Search
Posted on

Jane Austen News – Issue 100

Austen's books

What’s the Jane Austen News this week? Austen’s Books! 

 


Austen’s Books Banned Behind Bars

This week we were surprised to learn that a new program in New York is severely restricting the books which will be available in prisons. This new program, amazingly, has effectively banned, among other classic authors, Jane Austen’s books.

Directive 4911A, as it is known, is currently being applied to three prisons in the state, but it could soon be expanded to every facility in New York. The plan limits packages that incarcerated people in New York state prisons can receive to items purchased from six vendors (with two more expected to be added). The idea is that this will “enhance the safety and security of correctional facilities through a more controlled inmate package program.”

This in itself isn’t a problem, but the range of books on offer is shockingly limited.  The first five vendors combined offered just five romance novels, 14 religious texts, 24 drawing or coloring books, 21 puzzle books, 11 how-to books, one dictionary, and one thesaurus. (A sixth vendor has added some additional books to the list, but the full list will not be available to all prisoners.)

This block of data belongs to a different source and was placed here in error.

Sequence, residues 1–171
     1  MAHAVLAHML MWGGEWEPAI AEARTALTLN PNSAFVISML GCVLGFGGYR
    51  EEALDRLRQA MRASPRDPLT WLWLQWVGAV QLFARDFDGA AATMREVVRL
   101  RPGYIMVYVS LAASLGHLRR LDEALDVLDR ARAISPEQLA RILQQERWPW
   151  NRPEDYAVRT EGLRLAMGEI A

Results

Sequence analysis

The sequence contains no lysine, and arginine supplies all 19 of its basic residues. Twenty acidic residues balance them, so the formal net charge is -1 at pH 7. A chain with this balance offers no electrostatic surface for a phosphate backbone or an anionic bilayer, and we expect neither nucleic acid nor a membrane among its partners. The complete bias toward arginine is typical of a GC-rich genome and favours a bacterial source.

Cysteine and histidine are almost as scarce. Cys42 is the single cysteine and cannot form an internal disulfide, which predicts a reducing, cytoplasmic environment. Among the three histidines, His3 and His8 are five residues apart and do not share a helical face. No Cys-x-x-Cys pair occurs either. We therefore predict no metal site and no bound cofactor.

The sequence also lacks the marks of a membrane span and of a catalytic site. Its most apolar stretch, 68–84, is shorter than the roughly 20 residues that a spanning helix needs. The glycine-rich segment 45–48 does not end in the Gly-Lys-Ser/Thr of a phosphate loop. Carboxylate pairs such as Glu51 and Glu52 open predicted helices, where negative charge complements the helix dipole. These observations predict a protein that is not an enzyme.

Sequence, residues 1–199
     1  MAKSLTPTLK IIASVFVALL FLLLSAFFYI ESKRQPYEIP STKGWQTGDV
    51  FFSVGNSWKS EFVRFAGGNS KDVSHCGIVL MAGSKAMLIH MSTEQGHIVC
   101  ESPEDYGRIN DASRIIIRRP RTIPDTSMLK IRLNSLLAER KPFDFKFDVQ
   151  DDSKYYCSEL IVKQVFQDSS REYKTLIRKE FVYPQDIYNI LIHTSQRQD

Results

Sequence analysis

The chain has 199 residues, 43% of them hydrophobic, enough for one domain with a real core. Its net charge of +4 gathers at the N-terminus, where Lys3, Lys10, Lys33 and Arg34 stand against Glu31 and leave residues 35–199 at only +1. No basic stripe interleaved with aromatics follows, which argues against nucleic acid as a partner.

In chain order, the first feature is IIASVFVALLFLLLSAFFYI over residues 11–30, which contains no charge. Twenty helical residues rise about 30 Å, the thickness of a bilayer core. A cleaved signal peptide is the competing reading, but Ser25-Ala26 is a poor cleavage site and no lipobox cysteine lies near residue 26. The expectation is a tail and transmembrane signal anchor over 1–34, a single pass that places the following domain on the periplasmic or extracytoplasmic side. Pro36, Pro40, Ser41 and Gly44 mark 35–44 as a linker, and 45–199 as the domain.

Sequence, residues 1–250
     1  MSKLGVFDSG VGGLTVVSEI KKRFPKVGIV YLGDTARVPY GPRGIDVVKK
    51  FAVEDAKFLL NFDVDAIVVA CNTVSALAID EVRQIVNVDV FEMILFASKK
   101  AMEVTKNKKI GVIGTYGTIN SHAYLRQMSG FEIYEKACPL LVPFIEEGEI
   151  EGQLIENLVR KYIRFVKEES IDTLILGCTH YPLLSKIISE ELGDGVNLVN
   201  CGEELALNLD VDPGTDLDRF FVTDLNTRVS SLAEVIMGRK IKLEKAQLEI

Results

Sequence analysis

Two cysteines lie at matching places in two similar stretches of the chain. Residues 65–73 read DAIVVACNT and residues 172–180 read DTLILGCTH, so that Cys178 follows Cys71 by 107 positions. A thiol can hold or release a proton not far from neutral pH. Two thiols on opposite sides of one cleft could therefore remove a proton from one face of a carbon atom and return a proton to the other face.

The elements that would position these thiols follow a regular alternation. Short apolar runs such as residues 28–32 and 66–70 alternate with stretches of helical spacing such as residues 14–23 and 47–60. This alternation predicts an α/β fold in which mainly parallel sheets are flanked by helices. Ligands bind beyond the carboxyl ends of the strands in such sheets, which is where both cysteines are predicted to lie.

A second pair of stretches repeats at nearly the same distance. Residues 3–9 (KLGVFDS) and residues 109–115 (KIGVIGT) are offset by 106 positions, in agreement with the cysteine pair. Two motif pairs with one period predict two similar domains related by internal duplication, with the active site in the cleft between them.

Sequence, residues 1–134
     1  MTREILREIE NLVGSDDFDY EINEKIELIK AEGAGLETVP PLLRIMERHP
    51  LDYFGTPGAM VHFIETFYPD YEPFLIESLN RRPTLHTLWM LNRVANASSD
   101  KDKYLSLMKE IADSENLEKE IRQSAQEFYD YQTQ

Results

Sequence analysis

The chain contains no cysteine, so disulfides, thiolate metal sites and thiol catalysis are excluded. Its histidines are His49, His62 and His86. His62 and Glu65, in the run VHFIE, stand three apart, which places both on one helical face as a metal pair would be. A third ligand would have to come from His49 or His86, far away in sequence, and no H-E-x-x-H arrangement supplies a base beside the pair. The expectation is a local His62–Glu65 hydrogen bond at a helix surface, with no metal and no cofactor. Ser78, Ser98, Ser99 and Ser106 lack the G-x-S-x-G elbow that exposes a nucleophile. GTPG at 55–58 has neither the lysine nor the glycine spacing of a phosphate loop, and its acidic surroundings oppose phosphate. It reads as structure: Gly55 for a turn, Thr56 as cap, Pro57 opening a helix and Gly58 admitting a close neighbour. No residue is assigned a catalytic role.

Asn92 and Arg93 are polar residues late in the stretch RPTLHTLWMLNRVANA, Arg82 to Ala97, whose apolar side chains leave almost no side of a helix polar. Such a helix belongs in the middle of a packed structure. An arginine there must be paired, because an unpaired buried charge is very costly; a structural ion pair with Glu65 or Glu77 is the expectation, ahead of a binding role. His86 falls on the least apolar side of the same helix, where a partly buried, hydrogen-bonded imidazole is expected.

One group, the Books Through Bars collective, has been working to raise red flags about the directive’s unintended consequences (for more than 20 years, Books Through Bars has been sending books to people in prison in 40 states at no charge).

A spokesperson from Books Through Bars has stated the the new directive will mean “no Jane Austen, Ernest Hemingway, Maya Angelou, or other literature that helps people connect with what it means to be human. No texts that help provide skills essential to finding and maintaining work after release from prison. No books about health, about history, about almost anything inside or outside the prison walls. This draconian restriction closes off so much of the world to thousands of people.”

We agree. Surely allowing prisoners to read Jane Austen’s books can only result in good things?

Continue reading Jane Austen News – Issue 100

Posted on

Eugène François Vidocq: Misérables Inspiration

Eugène François Vidocq

Eugène François Vidocq